Seemingly common sense ideas are not adopted by regulators because they are gripped by an ideology, called modern portfolio theory (MPT). In essence this is that the market is right – the price reflects value and accurately measures risk, which is equated with short-term volatility.

There are certain instrumental reasons for using this approach, specifically that prices and performance can be objectively valued. However this is a choice, whereas the ideology of MPT treats the market value as an objective truth and the only possible choice.

So when it is pointed out that taking this approach leads to severe disfunctions – like herding behaviour as we can see from recent LDI-induced impact on bond market – there is no discussion over the strengths and weaknesses of this choice or explorations of alternatives, because in the words of a former Prime Minister, TINA (there is no alternative).

Ironically the investment industry has witnessed the rise and now dominance of ESG (Environmental Social and Governance) investment, which seeks to incorporate extra-financial factors into investment, which is a genuine challenge to MPT.

What we are seeing is the attempt to shovel ESG into a MPT framework – with the emphasis on measurement and disclosure accompanied by the cliché that what gets measured gets managed.

This gets translated in reducing the complexity of these issues into a box-ticking exercises, with the measurement becoming the end in itself. Again, this springs from MPT – the market is efficient and all knowing, so if it just gets more and better information, then it will solve these problems.

What is the answer? Obviously I don’t have and there is no Silver (pun not intended) bullet.

We could start by taking universal hypothesis seriously.

Regulators need to encourage heterodox risk management – allowing innovation in risk management, as opposed to everyone using same strategy (such as LDI) which, when it does blow up, causes everyone to fail at the same time.

Regulation should actively encourage long term investment and investment int the real economy. The structure of the market often prevents this (for example in UK having 4,000 relatively small pension funds), if so change the structure.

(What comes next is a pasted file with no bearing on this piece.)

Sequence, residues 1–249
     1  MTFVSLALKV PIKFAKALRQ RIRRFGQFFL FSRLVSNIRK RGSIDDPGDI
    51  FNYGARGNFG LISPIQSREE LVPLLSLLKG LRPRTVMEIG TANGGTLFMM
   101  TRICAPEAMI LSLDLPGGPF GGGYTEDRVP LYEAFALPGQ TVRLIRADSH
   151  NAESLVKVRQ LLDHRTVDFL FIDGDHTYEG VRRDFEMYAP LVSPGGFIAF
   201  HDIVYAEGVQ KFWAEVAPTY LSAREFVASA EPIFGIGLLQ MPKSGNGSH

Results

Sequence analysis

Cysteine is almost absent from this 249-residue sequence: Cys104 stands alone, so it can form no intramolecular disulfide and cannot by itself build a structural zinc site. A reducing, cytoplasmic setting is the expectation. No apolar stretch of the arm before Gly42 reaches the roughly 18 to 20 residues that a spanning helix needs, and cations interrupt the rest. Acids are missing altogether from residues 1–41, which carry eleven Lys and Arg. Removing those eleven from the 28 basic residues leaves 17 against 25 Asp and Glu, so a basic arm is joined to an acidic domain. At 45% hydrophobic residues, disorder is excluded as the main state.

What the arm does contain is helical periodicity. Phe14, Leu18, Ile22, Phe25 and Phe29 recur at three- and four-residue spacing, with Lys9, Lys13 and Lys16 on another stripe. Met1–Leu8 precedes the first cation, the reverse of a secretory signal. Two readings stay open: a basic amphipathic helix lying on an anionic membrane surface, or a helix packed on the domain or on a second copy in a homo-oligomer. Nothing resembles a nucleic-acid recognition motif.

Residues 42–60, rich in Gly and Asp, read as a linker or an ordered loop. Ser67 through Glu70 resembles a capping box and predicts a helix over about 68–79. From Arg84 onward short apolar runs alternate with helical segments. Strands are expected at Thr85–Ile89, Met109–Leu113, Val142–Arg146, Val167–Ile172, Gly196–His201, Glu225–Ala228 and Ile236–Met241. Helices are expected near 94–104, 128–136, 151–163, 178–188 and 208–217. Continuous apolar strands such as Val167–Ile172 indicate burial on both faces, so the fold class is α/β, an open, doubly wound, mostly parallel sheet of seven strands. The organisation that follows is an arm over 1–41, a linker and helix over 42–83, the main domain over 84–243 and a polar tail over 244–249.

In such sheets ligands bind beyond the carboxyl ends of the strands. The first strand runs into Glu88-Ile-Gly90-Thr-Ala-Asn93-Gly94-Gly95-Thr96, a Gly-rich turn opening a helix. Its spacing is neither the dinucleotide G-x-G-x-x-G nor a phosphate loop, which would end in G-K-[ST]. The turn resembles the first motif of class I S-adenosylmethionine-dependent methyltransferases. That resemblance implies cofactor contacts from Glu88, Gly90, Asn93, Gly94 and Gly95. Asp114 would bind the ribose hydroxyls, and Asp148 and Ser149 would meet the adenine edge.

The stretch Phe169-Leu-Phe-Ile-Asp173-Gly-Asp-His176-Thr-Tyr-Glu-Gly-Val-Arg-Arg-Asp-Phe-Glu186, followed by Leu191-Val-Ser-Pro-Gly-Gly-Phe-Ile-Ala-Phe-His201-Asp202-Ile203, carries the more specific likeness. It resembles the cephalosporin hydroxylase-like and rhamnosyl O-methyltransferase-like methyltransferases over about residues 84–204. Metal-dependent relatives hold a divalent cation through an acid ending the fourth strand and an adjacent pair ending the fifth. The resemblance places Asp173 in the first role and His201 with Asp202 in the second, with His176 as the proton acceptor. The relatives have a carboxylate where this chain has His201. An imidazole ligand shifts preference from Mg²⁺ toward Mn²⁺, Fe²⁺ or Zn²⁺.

A framework for structuring thinking is mechanism design; an idea that comes out of game theory – the idea that you design the incentive structure to get the outcome you want.

In effect that is what regulation currently does, except that the investment system is structured to achieve an outcome we don’t want (short termism and rent extraction for the financial system). What would that outcome be in respect to long term investors such as pension funds. Here are some starters:

  • Provide risk capital for companies: investors provide patient capital for companies to innovate and grow.
  • Invest in infrastructure: in UK pension funds invest approximately 1 per cent of assets in infrastructure, compared to double digit in Australia..
  • Provide investment into areas where finance doesn’t penetrate – communities, cooperatives, small businesses and the financially dispossessed.
  • Steward companies so they act in the long-term interests of society.

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Radix is the radical centre think tank. We welcome all contributions which promote system change, challenge established notions and re-imagine our societies. The views expressed here are those of the individual contributor and not necessarily shared by Radix.